Written by Shelley Plett Wednesday, 22 August 2007 06:30
“Yes, I was the first one out (during the fire). And yes, I’ve heard ‘women and children first.’ But we do not employ children. We are not a sweatshop, thankfully. And women are equal in the workplace by law. So if I let them out first, I have a lawsuit on my hands.” —Michael Scott (Steve Carell) from “The Office”
Assistant regional manager Dwight Schrute, mistakenly thinking he’s about to be promoted, paints his boss’s office black in order to intimidate his subordinates.
If you know what I’m talking about, you’ve seen “The Office.” If you’re still laughing about that episode, you’re a member of the brotherhood. It seems like people either get this show and love it or flat out don’t, with few in-betweens.
I’m a lover. For one, it’s hilarious. But it may also be that I’ve worked alongside every person in the fictitious Dunder Miflin employee pool. It’s scary accurate.
I’ve had the overly confident manager “Michael,” who misjudges his influence over his staff. I’ve worked with the tolerant receptionist “Pam,” who has more intelligence than the combined management team. I’ve watched the young gun “Jim” bide his time, wondering every day if he should fight or flee.
I’ve endured psycho “Andy,” who should have been forced into anger management classes or banned from interacting with other people altogether. And I’ve known “Roy,” the guy who’s never let go of his college days and spends every Monday morning wearing dark sunglasses and replenishing his liquids.
It doesn’t matter if the office is in a town of a thousand or a city of 200,000. Personalities are different, but as a whole, large groups of employees will be about the same.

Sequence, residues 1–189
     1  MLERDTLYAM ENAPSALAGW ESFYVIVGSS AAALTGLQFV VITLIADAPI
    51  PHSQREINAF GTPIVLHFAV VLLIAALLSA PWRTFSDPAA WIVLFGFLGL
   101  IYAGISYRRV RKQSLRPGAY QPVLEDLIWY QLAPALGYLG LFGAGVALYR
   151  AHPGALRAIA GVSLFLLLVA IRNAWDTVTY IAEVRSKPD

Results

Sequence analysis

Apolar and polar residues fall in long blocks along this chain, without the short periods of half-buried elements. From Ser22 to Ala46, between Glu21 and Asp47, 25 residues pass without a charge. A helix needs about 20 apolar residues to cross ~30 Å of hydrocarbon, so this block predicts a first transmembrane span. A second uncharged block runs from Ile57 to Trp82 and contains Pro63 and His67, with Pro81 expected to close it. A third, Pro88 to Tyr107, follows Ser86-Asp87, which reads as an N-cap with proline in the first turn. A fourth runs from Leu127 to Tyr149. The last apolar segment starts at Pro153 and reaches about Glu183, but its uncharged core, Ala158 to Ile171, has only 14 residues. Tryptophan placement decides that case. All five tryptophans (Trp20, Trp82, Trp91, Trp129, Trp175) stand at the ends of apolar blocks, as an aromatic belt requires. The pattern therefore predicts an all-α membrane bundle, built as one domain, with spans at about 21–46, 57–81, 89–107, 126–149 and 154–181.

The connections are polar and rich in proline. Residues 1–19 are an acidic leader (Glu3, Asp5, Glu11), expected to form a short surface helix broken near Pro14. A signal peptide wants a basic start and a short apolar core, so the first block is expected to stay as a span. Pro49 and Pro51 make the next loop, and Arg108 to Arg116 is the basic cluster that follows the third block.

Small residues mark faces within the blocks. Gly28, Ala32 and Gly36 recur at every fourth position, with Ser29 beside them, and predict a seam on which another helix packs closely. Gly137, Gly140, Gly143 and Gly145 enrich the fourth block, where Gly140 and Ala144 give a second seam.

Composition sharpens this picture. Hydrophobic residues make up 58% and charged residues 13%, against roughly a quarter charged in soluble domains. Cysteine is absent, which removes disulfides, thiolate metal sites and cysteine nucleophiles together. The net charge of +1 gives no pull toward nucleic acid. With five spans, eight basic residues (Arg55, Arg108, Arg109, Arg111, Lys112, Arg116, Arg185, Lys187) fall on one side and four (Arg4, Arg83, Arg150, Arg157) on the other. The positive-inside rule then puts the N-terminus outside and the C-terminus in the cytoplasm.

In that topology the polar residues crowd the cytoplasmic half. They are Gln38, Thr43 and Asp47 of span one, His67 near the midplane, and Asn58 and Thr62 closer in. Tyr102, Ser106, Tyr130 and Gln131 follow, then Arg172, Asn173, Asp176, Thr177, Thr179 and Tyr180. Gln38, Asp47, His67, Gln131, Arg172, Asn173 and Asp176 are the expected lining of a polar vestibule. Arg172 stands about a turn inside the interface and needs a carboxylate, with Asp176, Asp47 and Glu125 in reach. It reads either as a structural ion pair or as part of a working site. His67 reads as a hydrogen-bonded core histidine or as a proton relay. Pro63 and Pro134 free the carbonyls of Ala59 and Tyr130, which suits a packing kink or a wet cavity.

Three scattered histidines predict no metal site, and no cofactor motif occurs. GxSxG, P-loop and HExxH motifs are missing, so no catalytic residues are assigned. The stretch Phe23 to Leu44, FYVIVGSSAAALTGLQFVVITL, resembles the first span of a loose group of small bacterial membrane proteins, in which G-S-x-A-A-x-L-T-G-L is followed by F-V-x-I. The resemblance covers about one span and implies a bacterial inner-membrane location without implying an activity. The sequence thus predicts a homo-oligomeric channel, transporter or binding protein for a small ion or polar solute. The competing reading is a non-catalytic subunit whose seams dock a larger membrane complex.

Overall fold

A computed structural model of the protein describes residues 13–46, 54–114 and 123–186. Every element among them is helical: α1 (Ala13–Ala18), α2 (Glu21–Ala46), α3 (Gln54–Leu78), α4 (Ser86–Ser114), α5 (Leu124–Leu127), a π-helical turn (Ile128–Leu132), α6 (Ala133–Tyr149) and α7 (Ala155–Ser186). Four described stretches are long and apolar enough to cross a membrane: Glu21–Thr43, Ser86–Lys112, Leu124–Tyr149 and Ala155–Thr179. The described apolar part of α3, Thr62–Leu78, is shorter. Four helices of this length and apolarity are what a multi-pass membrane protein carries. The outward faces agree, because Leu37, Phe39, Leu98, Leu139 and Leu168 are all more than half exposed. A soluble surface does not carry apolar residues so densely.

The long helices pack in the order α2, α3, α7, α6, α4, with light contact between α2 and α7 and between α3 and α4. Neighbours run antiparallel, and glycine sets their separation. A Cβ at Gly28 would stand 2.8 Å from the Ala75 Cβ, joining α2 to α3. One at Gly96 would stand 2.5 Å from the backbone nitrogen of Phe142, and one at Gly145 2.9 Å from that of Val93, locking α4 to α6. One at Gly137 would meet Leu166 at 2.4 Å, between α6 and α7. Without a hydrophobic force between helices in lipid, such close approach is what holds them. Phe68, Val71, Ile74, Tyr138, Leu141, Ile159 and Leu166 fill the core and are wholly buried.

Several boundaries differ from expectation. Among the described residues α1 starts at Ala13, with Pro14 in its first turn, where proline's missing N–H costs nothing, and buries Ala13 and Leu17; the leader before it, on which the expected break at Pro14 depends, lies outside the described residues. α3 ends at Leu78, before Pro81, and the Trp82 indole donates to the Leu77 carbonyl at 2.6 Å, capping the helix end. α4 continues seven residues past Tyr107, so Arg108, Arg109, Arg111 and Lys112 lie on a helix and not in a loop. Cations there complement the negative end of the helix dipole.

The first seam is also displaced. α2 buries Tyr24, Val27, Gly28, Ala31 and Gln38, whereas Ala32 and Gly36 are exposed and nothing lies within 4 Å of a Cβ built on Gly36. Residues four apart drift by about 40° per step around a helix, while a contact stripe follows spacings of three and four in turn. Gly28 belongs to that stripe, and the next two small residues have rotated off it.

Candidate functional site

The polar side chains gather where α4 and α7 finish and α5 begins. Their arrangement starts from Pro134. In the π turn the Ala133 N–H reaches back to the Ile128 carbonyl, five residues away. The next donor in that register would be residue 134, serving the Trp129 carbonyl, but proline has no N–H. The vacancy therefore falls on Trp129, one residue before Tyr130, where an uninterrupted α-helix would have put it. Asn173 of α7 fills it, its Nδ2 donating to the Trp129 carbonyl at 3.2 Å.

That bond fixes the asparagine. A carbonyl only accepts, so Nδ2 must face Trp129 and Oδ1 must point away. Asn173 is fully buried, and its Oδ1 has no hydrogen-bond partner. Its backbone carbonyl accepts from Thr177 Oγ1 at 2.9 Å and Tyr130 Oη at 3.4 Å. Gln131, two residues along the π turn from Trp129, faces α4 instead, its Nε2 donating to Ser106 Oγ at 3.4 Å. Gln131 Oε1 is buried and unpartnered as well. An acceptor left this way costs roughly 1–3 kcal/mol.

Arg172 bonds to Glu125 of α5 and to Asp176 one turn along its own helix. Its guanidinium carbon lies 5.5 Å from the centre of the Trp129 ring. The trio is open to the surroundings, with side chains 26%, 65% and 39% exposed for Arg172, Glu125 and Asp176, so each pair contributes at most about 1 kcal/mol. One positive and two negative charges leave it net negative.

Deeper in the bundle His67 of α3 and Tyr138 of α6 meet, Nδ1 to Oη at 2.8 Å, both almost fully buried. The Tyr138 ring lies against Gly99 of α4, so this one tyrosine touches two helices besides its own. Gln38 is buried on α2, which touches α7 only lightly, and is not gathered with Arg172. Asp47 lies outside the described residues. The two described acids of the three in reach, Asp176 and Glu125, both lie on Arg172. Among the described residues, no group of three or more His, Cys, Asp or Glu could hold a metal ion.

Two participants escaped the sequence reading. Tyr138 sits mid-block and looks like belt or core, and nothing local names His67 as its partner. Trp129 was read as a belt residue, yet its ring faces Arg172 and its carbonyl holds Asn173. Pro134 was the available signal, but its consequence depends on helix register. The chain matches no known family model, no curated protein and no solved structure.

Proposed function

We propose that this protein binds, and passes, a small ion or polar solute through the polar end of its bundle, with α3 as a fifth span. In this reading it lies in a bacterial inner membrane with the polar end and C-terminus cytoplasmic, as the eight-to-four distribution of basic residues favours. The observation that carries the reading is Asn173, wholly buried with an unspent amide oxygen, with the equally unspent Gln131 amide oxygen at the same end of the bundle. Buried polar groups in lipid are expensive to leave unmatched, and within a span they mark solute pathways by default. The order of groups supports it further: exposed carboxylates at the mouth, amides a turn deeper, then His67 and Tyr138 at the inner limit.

Back to the worst of the worst. I have had to answer to exactly two managers with angry “Andy” personalities—and there is no job in the world worth being told you, along with your entire team are (to quote) “complete idiots.” That’s when the words “life is too short” make a lot of sense.
One example is a small company I worked for right out of high school. It was just me, the owner and his (now ex) wife. We did have a graphic designer that stayed on about four months, and he was always amazed I held out for two years.
What did I learn? How not to treat your spouse, kids, employees and customers. That it’s actually a bad idea to punch walls and have your little girl hang a picture to cover the hole. You probably shouldn’t repeatedly bring your spouse to tears at work or yell down to your employees either. Eventually they’ll leave. And your wife might, too.
With real-world bills, the average person may have to clock into jobs that are less than ideal. But that doesn’t mean they’re not worth it. There are lessons to be learned from waitressing at a truck stop during the graveyard shift that sociology class just doesn’t cover. Actually, I only made it three nights at the truck stop. By then I had served 2 a.m. biscuits and gravy to one too many stumbling bar hoppers.
There are people who are easy to work with, mildly tolerable, and those who make you groan every time they walk through the door. And when the time comes, there’s the one worthy of a handshake only when you’re walking out for the very last time.
“The Office” is a great place to visit once a week. Sometimes it makes me miss the variety of personalities found in a larger office. But experience tells me it’s better to miss out on lunch with “Pam” in order to avoid one more meltdown from “Andy.”